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Rachael Tilly of Capistrano Beach won the WSL North America Women’sLongboard Championships to advance on to the WSL World Championship in China in December. Photo: Kurt Steinmetz
Rachael Tilly of Capistrano Beach won the WSL North America Women’sLongboard Championships to advance on to the WSL World Championship in China in December. Photo: Kurt Steinmetz

By Andrea Swayne

For Rachael Tilly, 17, of Capistrano Beach, the pressure was on, going into the World Surf League North America Women’s Longboard Championships, Saturday and Sunday, Nov. 7 and 8, in Huntington Beach, the only WSL World Longboard Championship qualifying event of the year.

But the pressure, she said, was only to make it to the semifinal round, a performance that would seal her qualification into the upcoming WSL World Longboard Championships in China, Dec. 5 through 12.

She not only qualified but ended up winning the event to become the 2015 WSL Women’s North American Longboard champion, her second U.S. pro title, having also won it in 2013.

“My main goal throughout the event was just to make it to the semis and qualify for China,” Tilly said. “After that, I was really relaxed and surfing looser, and that made the difference. Winning was just the cherry on top.”

The first day of the event was a round robin, with eight out of 16 women moving on to day two on Sunday. Tilly was the top surfer, advancing on as the No. 1 seed—a real confidence booster, she said.

On Sunday, Tilly was in second place throughout much of the 30-minute final, against fellow Dana Point pro Lindsay Steinriede.

“I knew I could get the ride I needed so I never stopped searching,” she said.

Tilly finally found the ride she needed to take the lead with about two minutes left in the heat.

“I was thinking, ‘oh my gosh, this could be it’ and then right in front of me Lindsay took off on a wave and I thought ‘oh no, she could take it,’ because she was really ripping,” Tilly said. “Unfortunately for her it didn’t work out but at that moment I knew I had it and was really happy. I got off my board and went underwater for a few seconds and tried to soak it all in.”

Going into the event, four other U.S. women in the contest (Karina Rozunko of San Clemente has also qualified but was not at the event) were already qualified for the World Championships—Jen Smith, Kaitlin Maguire, Tory Gilkerson and Steinriede—but having only made it into round two in China last year, Tilly needed to pull out all the stops in Huntington to requalify.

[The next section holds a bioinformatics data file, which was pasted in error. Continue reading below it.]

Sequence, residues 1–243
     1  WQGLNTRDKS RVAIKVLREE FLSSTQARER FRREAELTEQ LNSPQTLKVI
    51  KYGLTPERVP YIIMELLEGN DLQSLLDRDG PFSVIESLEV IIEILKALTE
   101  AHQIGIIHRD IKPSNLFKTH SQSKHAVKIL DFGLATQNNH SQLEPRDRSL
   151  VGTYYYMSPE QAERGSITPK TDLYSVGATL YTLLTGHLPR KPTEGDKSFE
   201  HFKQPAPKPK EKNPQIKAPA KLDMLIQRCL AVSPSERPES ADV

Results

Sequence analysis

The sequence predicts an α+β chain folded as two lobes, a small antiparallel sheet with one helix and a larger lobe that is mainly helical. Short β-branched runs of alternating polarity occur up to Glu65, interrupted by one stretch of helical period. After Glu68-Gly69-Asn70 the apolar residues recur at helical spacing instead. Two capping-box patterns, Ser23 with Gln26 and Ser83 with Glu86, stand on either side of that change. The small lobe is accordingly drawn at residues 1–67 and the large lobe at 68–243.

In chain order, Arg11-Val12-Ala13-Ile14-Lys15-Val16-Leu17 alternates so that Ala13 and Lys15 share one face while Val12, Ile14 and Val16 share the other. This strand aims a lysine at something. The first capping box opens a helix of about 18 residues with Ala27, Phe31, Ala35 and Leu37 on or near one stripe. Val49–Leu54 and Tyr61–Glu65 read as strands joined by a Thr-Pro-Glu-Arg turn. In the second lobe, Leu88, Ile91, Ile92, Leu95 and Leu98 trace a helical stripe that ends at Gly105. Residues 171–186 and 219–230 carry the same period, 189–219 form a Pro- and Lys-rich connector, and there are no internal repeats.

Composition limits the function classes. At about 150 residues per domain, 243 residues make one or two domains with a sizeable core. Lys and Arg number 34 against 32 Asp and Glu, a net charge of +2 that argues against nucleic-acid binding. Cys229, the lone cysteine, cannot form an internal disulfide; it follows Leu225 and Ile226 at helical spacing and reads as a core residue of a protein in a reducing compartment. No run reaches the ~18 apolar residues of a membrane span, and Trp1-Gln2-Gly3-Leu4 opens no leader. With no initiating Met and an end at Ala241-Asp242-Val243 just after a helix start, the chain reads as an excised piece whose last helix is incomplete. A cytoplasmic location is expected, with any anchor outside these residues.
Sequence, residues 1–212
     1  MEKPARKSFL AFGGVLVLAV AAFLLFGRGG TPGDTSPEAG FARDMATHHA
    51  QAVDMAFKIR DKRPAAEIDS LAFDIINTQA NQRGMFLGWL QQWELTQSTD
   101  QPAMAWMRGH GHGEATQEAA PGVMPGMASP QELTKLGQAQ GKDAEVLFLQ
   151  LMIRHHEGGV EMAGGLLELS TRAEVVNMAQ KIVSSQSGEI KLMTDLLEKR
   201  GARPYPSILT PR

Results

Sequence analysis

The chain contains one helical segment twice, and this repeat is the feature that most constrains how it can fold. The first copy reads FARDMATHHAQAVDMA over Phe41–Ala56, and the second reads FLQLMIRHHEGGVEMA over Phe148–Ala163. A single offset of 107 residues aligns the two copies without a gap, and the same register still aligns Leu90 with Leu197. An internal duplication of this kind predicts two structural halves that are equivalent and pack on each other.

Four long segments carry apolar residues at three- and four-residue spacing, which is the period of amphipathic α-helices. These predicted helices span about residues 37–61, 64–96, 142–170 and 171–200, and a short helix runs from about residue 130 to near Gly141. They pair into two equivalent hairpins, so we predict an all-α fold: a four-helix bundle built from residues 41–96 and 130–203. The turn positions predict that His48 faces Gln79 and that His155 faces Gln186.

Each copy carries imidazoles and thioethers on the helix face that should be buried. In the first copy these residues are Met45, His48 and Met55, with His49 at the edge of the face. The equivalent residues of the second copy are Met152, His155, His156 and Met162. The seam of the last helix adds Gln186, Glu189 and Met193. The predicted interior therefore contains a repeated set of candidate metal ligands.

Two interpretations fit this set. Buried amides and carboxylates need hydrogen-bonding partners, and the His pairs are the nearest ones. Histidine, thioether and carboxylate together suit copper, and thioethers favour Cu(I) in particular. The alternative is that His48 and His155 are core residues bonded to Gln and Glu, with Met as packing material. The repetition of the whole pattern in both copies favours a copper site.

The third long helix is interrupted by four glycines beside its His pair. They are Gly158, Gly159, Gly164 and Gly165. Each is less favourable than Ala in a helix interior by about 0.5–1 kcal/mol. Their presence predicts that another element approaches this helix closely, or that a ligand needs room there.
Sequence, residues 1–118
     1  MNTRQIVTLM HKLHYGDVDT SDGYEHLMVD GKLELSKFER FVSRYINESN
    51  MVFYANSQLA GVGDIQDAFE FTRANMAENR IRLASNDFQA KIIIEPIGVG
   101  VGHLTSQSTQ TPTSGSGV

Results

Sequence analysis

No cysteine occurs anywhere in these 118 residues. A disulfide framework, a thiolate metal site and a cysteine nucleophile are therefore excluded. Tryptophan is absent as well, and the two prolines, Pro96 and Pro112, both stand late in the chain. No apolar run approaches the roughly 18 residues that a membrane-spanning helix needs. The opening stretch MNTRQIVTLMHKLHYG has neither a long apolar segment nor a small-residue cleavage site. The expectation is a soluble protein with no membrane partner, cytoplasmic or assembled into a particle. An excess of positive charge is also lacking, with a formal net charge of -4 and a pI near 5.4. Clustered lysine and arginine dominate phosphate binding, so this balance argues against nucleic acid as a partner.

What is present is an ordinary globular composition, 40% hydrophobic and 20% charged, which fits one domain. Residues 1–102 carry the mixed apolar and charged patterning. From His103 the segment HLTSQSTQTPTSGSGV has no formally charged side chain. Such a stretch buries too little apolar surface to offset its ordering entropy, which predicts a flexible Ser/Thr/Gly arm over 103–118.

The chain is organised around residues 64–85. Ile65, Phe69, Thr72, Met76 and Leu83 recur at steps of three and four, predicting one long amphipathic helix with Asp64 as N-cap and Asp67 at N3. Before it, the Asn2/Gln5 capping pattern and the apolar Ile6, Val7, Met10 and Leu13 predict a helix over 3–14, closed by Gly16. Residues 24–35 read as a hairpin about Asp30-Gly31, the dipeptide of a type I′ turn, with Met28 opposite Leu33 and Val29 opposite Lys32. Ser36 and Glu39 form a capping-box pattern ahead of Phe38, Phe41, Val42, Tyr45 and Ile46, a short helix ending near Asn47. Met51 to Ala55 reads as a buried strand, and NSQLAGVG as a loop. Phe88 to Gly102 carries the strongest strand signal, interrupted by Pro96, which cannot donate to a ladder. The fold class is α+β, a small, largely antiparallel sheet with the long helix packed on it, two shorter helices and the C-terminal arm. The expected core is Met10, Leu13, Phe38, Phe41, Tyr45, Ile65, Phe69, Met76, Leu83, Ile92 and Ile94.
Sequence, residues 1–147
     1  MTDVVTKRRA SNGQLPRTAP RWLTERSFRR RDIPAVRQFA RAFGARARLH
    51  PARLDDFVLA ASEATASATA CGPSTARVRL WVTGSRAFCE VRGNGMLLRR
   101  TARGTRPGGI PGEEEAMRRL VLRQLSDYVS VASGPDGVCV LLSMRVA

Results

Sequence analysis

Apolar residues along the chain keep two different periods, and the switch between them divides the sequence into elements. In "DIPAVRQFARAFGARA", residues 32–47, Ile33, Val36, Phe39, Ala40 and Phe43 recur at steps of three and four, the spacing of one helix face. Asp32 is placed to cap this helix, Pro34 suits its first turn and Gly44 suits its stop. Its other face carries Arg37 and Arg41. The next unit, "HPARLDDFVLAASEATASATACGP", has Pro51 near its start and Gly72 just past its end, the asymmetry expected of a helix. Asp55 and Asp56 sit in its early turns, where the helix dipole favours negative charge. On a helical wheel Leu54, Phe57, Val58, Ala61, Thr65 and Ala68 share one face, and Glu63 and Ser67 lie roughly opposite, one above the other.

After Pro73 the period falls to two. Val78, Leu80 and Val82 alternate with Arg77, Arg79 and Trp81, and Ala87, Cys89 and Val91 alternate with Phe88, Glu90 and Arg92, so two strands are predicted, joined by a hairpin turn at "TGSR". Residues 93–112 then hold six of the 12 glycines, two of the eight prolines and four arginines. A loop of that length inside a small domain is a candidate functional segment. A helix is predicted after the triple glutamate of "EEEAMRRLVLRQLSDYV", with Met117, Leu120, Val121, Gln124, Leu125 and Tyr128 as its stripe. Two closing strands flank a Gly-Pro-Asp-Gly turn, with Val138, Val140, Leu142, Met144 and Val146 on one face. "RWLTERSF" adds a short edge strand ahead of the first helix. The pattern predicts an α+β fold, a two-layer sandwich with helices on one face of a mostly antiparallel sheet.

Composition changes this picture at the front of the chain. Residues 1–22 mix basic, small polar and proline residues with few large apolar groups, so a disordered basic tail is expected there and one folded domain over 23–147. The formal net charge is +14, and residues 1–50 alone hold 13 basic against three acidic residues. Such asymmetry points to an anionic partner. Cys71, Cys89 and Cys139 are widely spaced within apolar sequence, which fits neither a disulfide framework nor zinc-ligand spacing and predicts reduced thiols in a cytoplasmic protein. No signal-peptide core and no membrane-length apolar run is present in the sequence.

Tilly was also cut in round two in China in 2013. And with no qualifying contests being held in the U.S. in 2014, qualified again last year when the WSL used ratings from 2013 to determine who would represent the U.S. in 2014.

2015 will mark Tilly’s third appearance at the WSL World Longboard Championships in China.

The North American Championship event qualified only two men and one woman. The men’s event was won by Taylor Jensen of Oceanside. San Juan Capistrano-based surfer Kevin Skvarna finished in third place and qualified for China. Tony Silvagni was the runner-up.

Tilly said she is really looking forward to her third trip to China and feels like her surfing has improved since last year.

“I’m feeling a lot of great momentum with this win and my surfing lately has been the best it’s ever been so I’m feeling really good going into the event,” she said. “The competition side of my surfing has matured a lot since then as well, along with my wave selection and patience. It’s a huge step from amateur to pro because the bar is set so much higher.”

Tilly attributes her recent progress to increasing her competition time in the water, returning to the Western Surfing Association Championship Tour and competing for the San Clemente High School surf team at least once a week.

“More contest surfing has helped season the competitive side of my surfing and prepared me for these bigger events,” Tilly said. “It’s one thing to just time yourself in a free surf and another to test yourself under pressure in a contest. With the entire qualifying season being only one event, doing more competitions has made all the difference.”

For her win in Huntington, Tilly won $2,000, money she has already tapped to book her ticket to China.

“Actually, I won $2,005,” she said with a smile. “My grandma has been giving me $5 in ‘prize money’ for every win since my first when I was 8.”

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